Shear flow in wing box and single strut

Discussion in 'Aircraft Design / Aerodynamics / New Technology' started by rapidshot, May 5, 2019.

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  1. May 5, 2019 #1

    rapidshot

    rapidshot

    rapidshot

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    Hi all,

    I have been thinking on the subject for a while but couldn’t make an approach for hand calculations,

    Any recommendations are welcome, how does a single strut attached to front spar affect the shear flow in the box due to torsion,

    Do you think that shifting the elastic axis linearly from wing tip to strut attachment point is a good approach?

    Thank you,
     
    Last edited: May 5, 2019
  2. May 5, 2019 #2

    wsimpso1

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    The strut is best thought of as a pure linear element- only compression or only tension- and attached to the main spar. The wing outboard is a pure cantilever.

    The root connections to main and drag spars reacts linear loads only. Pitching moment is reacted by opposite sense vertical loads and is superimposed on the compression and lift forces there.

    As to shear flow in the box from torsion, torsion accumulates continuously from tip toward root, and the strut really won't carry any torsion off as they are pretty soft torsionally.
     
  3. May 5, 2019 #3

    rapidshot

    rapidshot

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    Thanks for your response,

    I think my question was misunderstood, i agree since strut has no bending stiffness and pin connected it shouldnt have any effect on the torsional stiffness of the box, may be a small amonuts due to rib at that point, but it certainly affects the rotations, the elastic center location etc,

    So with the existence of the strut how much the rotations change when compared to a cantilever wing, sorry for the wrongly expressed question,

    Thanks a lot,
     
  4. May 5, 2019 #4

    BBerson

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    The torsion elastic axis is spanwise. So shifting is chord wise. So shifting the strut attach forward on the box would cause a negative pitching moment. And aft of the box center of torsion a positive twist. Probably best to put it on or near the box torsion center but most go to the main spar.
     
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  5. May 5, 2019 #5

    BJC

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    The Sportsman's strut is unusual in two ways: It attaches to a structure in the wing between the main and rear spars, and it attaches to the fuselage vertically below the rear spar attach. That arrangement allows the wing to fold aft by pivoting on the rear spar attach and the strut-to-fuselage attach. No disconnecting of wiring, fuel lines, flap controls, aileron controls or pitot tubing is required. It also makes access to the front seats easy.

    100_0929.jpg


    BJC
     
    Last edited: May 5, 2019
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  6. May 5, 2019 #6

    BBerson

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    I think the wing folding requires some compromises from the theoretical ideal strut location.
    There is always compromises. And ideal is rare.
     
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  7. May 6, 2019 #7

    wsimpso1

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    Oh, this is just statics. You can resolve this by examination or by cross products. This was Sophomore year when I was in engineering school.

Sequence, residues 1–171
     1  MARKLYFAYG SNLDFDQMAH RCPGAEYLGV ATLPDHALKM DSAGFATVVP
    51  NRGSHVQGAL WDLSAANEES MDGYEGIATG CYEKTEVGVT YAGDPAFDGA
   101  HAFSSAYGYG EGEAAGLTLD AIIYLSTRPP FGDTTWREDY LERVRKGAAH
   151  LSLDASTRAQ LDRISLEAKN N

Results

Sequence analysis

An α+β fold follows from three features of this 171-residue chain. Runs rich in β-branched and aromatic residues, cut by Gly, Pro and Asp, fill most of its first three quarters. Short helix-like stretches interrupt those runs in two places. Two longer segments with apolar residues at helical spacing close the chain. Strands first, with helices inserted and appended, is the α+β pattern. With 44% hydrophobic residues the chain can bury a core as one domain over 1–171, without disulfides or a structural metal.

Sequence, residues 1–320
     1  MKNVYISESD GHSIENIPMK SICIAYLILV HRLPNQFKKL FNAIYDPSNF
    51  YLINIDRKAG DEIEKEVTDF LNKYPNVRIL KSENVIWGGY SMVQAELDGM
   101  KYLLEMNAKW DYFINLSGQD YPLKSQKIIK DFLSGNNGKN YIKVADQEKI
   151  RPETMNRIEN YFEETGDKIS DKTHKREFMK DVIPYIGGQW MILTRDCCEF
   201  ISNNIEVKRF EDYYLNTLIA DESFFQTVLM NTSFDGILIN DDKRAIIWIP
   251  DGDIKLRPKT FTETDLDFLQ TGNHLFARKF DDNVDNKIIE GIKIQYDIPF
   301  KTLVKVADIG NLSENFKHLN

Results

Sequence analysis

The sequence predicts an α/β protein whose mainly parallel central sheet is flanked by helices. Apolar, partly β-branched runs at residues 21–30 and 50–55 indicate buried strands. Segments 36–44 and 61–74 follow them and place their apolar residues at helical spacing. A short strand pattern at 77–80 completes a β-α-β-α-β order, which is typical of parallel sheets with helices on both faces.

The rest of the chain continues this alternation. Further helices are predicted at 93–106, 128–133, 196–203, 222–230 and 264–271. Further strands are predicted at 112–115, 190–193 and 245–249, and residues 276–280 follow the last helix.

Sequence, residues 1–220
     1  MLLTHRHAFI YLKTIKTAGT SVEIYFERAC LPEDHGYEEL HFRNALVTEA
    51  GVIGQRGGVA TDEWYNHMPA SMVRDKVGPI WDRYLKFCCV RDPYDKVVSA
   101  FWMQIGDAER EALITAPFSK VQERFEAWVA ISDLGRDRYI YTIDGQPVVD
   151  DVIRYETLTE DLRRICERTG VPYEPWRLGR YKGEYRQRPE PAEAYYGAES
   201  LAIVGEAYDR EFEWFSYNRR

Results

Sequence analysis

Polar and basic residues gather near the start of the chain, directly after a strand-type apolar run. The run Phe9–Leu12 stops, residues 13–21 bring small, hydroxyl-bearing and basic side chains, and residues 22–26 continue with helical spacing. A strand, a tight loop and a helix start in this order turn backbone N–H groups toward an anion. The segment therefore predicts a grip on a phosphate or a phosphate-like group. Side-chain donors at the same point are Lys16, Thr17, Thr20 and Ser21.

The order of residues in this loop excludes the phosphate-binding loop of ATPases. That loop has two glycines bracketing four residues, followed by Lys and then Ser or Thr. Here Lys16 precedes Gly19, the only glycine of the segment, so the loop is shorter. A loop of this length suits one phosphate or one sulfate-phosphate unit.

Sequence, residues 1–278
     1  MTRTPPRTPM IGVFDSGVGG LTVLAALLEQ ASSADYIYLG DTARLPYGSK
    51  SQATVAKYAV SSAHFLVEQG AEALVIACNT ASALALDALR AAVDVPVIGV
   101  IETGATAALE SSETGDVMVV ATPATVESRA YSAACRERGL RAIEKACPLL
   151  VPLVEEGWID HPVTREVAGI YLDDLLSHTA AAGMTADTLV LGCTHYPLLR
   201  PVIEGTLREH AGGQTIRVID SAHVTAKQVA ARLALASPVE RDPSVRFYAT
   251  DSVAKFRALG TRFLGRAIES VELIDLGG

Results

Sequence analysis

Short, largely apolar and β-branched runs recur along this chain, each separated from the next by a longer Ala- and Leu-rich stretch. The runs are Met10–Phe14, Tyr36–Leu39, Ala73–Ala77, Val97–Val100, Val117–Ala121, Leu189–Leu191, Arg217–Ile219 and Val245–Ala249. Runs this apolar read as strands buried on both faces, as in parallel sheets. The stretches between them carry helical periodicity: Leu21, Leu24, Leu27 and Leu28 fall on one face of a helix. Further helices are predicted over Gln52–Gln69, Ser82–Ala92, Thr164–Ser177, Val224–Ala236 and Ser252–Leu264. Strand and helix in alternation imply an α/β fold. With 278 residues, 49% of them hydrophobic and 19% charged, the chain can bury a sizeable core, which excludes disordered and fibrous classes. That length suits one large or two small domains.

I would compute the vertical load generated at the strut, then the lateral and any fore-aft components, and superimpose those on the wing structure at the attach point. Yes, if the strut attaches aft of the 1/4 c point, the downward force will superimpose a nose up moment, any fore-aft component will drive a moment about the vertical axis, and the inward force will be split among the spars by lever rules.

    Billski
     
  8. May 6, 2019 #8

    rapidshot

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    This is a simple box beam model to clarify my question, only torsional moments are applied,

    The one on the left is supported at its torsional center while the other one is supported at left spar, those green points around mid points of the box are the restraints, both have 2 hinges at the far end,

    There is huge difference between the tip deflections, almost doubled in the rhs model which brings me the conclusion that if the single strut is attached to front spar only shear center shifts towards the spar, i think this will be a rough but safe approximation for preliminary hand calculations,



    torsion.jpg
     
    Last edited: May 6, 2019
  9. May 6, 2019 #9

    BBerson

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    It isn't a box beam without skin. Put skin on it and it won't twist much.
     
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  10. May 6, 2019 #10

    rapidshot

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    This box is 600 mm x 200 mm , sides are 3 mm, top and bottom 1 mm, ribs 1 mm thick,

    It doesnt look like an actual wing box but a quick model, torsional moments have arbitrary value uniformly distributed along span just to capture the behaviour,
     
  11. May 6, 2019 #11

    BBerson

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    Aircraft structures has a page for two spar design. Briefly, the front spar moment of inertia should be 60% and rear spar 40% and the strut at the elastic center
     
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  12. May 6, 2019 #12

    rapidshot

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    Thank you,
     

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